[erlang-questions] Command-line for releases
Jesper Louis Andersen
Sun Dec 28 13:19:17 CET 2014
Well, I just adopt the 'ping' command and implement what I miss if the
system needs to be prodded from the outside. A good example is to poke the
system via cron at regular intervals. So I just rewrite the script
appropriately. I think relx nodetool is different, but you will have to dig
that up yourself.
I think 'erl_call' may be an alternative path you can pursue if you want.
The damning way of providing an HTTP POSTable endpoint seems so futile
compared to an internal call IMO, but is is also possible. Or open an ssh
connection to the shell via the ssh application.
On Sun Dec 28 2014 at 12:48:42 PM Roberto Ostinelli <>
> Thank you Jesper!
> Yes indeed, the erlang:memory() call is just an example (I use folsom too
> for real production system monitoring).
> I use rebar for releases, and the ping command just dumps a "pong"
> response. I'm assuming you refer to the RPC command instead, or maybe the
> nodetool generated by relx is different?
> On Sun, Dec 28, 2014 at 12:28 PM, Jesper Louis Andersen <
> > wrote:
>> I tend to do two things in this area (note relx):
>> Alter the 'myapp' script such that it takes extra commands and execute
>> this command like "ping" is implemented: call nodetool to do rpc towards
>> the node (IIRC it creates a distributed node, connects it to the running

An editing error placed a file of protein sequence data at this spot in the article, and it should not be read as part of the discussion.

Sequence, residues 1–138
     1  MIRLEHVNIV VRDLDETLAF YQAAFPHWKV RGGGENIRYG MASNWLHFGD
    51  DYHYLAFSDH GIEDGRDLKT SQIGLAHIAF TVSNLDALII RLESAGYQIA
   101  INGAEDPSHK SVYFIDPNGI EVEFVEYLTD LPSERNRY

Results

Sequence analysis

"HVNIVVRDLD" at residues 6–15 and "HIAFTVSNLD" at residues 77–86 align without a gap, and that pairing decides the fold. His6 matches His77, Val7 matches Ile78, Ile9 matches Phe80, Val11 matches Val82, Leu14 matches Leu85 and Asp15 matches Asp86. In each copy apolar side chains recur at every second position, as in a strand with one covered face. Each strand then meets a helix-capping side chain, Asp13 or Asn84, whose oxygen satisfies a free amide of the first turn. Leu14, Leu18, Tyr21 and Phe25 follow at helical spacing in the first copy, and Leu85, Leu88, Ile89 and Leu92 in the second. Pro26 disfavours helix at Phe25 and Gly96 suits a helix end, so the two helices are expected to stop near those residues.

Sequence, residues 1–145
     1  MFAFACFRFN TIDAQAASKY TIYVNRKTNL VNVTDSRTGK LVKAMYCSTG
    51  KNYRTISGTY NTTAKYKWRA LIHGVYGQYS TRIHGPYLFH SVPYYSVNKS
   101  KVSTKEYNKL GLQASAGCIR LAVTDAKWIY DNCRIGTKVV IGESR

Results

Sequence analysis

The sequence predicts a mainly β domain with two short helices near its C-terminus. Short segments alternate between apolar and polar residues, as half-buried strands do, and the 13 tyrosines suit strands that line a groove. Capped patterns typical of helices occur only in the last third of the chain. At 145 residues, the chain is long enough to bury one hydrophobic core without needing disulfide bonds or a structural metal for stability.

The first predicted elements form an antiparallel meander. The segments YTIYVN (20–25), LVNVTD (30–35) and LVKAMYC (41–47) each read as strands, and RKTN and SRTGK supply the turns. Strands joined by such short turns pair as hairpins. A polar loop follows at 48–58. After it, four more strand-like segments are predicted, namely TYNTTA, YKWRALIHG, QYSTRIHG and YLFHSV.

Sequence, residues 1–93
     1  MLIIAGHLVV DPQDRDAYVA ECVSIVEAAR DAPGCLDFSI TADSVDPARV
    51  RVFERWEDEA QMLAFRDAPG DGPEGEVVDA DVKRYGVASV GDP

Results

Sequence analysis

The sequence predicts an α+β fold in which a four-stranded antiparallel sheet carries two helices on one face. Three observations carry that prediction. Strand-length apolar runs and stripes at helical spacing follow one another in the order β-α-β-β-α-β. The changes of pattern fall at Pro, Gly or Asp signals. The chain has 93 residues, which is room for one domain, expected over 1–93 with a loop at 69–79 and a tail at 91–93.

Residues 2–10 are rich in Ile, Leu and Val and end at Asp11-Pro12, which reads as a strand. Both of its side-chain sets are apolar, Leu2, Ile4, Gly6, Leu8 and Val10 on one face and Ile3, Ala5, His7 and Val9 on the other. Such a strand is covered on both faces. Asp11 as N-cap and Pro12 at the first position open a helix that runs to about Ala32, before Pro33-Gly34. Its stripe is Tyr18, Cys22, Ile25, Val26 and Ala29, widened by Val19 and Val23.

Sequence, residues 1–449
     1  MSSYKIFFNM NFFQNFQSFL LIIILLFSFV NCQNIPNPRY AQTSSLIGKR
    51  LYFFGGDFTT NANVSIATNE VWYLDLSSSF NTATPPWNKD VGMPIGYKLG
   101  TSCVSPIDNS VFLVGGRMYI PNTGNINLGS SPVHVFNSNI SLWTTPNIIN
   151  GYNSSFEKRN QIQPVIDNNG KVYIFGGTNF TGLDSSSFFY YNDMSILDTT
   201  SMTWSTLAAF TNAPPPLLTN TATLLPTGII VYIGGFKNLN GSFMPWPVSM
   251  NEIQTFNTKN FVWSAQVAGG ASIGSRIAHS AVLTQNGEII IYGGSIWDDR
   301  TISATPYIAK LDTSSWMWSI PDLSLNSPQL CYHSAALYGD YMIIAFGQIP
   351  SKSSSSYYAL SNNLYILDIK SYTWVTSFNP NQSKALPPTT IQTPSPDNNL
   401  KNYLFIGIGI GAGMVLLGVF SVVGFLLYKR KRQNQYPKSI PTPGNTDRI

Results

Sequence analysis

>> node and runs its stuff).
>> But for stats in general, my approach is very different. I use "folsom"
>> to gather statistics. Note that this is gathering, not
>> persisting/storing. Then another application shovels the gathered
>> statistics to a foreign system for historical data and you plot the data.
>> Knowing that your system used 320 megabytes of space now is of little use
>> unless you happen to know what the typical baseline of your system tend to
>> be. So I gather that information for any production system if I can.
>> I'm pretty aggressive in stats gathering. It is not uncommon to have
>> 1000+ probes in a system for me. This is because I firmly believe that you
>> need to measure in order to improve a system.
>>  In a newly deployed system, I would probably check out exometer.
>> On Sun Dec 28 2014 at 12:16:26 PM Roberto Ostinelli <>
>>> Hi all,
>>> Let's say that you have a running node, started from a release command:
>>> $ myapp start
>>> Now, I'd like to check some current stats of the node (for instance,
>>> with erlang:memory/0), but would like to do it with an external script,
>>> i.e. a command-line tool so that it gets printed in the console, like so:
>>> $ myappctl memory
>>> What is your recommended way to have a command-line tool connect to a
>>> release-started erlang node to issue a command and return a value?
>>> There are many ways, I'd like to hear some recommendations.
>>> erlang-questions mailing list
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